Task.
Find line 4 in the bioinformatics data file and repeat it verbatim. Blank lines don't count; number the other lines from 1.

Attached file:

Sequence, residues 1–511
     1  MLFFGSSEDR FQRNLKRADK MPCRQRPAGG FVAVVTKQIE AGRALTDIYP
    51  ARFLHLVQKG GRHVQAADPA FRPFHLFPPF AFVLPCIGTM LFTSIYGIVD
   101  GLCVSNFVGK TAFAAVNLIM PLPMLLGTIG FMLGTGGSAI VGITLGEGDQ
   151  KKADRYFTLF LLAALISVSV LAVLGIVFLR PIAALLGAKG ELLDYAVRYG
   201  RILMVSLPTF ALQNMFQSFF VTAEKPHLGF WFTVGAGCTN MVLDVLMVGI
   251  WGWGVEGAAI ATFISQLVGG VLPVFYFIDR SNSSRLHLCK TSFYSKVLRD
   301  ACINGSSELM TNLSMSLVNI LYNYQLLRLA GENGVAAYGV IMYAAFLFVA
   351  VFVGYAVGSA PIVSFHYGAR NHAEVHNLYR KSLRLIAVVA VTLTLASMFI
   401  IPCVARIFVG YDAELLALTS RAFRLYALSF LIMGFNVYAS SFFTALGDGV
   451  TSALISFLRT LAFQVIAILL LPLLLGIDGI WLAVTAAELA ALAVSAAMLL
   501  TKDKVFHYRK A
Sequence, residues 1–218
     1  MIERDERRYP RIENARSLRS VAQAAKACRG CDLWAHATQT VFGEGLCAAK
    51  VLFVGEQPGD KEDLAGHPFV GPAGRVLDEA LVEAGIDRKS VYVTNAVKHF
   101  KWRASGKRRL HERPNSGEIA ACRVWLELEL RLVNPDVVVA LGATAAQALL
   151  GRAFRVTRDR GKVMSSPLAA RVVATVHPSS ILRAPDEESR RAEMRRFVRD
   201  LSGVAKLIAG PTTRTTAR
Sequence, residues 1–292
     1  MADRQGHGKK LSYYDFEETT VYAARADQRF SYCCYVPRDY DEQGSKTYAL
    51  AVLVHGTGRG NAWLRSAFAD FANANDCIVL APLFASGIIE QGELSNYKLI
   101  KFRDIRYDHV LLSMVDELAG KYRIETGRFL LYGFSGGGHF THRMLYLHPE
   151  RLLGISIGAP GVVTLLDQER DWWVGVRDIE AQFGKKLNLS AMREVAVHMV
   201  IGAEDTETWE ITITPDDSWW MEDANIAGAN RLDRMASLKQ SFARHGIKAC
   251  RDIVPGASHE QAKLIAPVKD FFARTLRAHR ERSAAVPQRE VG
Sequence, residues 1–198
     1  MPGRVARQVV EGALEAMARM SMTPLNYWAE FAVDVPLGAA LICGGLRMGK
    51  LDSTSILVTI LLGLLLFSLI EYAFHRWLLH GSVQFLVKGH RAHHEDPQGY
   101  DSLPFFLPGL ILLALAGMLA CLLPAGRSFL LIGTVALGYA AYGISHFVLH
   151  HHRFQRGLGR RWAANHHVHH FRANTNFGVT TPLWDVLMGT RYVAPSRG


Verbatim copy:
   101  GLCVSNFVGK TAFAAVNLIM PLPMLLGTIG FMLGTGGSAI VGITLGEGDQ